Lacking direct measures of the theoretical variable of interest, some scholars rely on â€˜proxy variablesâ€™. For instance, some have used years of education as a proxy for cognitive ability. However, using â€˜proxy variablesâ€™ can be problematic for the following reasons â€“ (1) proxy variables may not track the theoretical variable of interest very well, (2) they may track other confounding variables, outside the theoretical variable of interest. For instance, in the case of years of education as a proxy for cognitive ability, the concerns manifest themselves as follows â€“
1) Cognitive ability causes, and is a consequence of, what courses you take, and what school you go to, in addition to of course, years of education. GSS for instance contains more granular measures of education – for instance did the respondent take science course in college. And nearly always the variable proves significant when predicting knowledge, etc. This all is somewhat surmountable as it can be seen as measurement error.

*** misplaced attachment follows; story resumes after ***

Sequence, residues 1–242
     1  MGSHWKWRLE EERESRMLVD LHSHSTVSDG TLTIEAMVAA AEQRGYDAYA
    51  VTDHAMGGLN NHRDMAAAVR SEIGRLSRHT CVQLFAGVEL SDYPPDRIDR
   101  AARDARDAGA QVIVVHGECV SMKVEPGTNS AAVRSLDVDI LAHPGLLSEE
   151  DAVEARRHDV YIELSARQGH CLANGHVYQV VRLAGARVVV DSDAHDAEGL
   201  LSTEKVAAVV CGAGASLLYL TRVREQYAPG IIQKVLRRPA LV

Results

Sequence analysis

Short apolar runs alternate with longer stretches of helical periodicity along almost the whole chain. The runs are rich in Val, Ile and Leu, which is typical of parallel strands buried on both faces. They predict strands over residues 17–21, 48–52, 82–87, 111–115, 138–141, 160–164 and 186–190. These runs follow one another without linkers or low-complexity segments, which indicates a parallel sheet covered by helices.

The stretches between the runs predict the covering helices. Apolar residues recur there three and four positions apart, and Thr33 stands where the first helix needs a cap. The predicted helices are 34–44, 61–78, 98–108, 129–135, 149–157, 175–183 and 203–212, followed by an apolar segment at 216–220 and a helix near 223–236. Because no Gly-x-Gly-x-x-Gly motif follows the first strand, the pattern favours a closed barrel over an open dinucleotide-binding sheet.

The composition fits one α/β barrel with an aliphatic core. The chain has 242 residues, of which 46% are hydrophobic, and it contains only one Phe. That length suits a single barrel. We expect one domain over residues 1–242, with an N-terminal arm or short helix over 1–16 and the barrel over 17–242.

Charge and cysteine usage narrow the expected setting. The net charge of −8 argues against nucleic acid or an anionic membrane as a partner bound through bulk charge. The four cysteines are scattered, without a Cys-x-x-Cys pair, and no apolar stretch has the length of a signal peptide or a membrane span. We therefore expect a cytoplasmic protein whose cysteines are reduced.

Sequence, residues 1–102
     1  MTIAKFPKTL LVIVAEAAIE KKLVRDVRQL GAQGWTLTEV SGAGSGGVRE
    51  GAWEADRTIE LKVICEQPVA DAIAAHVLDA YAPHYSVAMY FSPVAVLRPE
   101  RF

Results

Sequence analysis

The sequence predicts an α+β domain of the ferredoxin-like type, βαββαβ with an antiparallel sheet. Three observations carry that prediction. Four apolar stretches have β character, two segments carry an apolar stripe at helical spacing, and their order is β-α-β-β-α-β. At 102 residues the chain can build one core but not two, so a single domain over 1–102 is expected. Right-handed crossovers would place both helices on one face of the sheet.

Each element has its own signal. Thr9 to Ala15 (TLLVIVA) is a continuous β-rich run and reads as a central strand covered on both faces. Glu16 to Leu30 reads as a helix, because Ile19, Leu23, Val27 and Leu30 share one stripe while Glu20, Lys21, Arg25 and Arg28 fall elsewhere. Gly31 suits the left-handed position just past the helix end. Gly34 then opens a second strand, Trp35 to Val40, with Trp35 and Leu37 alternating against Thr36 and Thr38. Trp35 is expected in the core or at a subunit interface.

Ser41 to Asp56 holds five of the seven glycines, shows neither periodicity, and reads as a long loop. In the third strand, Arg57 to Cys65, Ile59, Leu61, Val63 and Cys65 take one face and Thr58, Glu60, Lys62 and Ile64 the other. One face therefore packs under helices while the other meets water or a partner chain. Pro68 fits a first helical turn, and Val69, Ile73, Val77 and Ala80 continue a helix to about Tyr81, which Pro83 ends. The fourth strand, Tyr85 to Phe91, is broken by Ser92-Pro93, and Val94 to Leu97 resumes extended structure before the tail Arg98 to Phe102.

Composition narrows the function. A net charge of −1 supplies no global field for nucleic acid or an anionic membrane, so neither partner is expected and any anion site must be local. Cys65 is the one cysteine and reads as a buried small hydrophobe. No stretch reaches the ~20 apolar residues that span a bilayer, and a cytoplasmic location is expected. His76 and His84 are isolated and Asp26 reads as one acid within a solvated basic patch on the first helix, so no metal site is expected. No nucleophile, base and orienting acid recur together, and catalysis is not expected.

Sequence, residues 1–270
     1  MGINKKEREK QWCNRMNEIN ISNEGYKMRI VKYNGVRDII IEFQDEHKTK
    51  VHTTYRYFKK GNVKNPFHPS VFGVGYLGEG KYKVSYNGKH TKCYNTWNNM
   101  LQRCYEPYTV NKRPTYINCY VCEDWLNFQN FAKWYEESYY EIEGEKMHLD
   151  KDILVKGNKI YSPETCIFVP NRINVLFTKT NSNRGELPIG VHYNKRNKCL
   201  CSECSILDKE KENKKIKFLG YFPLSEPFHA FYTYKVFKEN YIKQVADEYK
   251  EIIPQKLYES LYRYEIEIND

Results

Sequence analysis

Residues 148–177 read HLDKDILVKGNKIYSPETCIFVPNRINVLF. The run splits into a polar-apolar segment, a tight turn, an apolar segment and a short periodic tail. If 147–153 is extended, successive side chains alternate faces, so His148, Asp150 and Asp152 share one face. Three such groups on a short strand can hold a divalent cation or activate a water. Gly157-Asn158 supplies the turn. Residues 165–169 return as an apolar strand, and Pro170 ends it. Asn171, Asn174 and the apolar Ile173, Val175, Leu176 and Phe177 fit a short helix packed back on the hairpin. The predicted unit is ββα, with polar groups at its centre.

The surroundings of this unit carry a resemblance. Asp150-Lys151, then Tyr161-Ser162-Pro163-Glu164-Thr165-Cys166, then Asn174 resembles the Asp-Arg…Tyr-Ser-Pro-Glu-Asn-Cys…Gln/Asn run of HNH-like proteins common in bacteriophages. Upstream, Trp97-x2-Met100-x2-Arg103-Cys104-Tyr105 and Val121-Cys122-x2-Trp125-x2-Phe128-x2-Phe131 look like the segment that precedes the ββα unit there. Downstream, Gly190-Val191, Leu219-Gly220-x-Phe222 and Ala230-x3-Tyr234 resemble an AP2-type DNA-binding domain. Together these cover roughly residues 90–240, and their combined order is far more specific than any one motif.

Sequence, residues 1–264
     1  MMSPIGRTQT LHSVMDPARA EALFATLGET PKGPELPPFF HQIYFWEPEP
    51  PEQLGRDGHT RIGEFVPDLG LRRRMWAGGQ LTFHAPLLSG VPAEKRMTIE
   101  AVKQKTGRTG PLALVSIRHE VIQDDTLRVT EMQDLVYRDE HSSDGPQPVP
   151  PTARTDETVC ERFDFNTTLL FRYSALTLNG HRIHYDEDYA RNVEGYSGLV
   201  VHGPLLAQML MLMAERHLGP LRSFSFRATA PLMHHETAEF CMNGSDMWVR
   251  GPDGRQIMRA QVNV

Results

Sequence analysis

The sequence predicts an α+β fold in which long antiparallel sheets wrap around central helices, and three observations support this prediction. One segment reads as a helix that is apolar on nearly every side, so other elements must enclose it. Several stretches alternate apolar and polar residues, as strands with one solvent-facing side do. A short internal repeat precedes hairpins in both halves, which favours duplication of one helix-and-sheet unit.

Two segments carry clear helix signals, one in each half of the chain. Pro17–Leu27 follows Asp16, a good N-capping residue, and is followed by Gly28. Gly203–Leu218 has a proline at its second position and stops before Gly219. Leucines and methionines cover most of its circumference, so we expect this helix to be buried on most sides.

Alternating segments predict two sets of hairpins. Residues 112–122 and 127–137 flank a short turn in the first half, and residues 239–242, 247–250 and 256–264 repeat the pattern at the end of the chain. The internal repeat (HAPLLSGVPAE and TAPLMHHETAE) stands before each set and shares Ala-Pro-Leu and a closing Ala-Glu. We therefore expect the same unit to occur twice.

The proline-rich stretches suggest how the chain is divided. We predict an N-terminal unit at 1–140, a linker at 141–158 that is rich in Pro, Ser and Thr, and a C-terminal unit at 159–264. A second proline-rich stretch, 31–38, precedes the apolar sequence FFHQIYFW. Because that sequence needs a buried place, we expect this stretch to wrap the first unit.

2) More problematically, years of education may tally other confounding variables â€“diligence, education of parents, economic strata, etc. And then education endows people with more than cognitive ability; it also causes potentially confounding variables such as civic engagement, knowledge, etc.
Conservatively we can only attribute the effect of the variable to the variable itself. That is â€“ we only have variables we enter. If one does rely on â€˜proxy variablesâ€™ then one may want to address the two points mentioned above.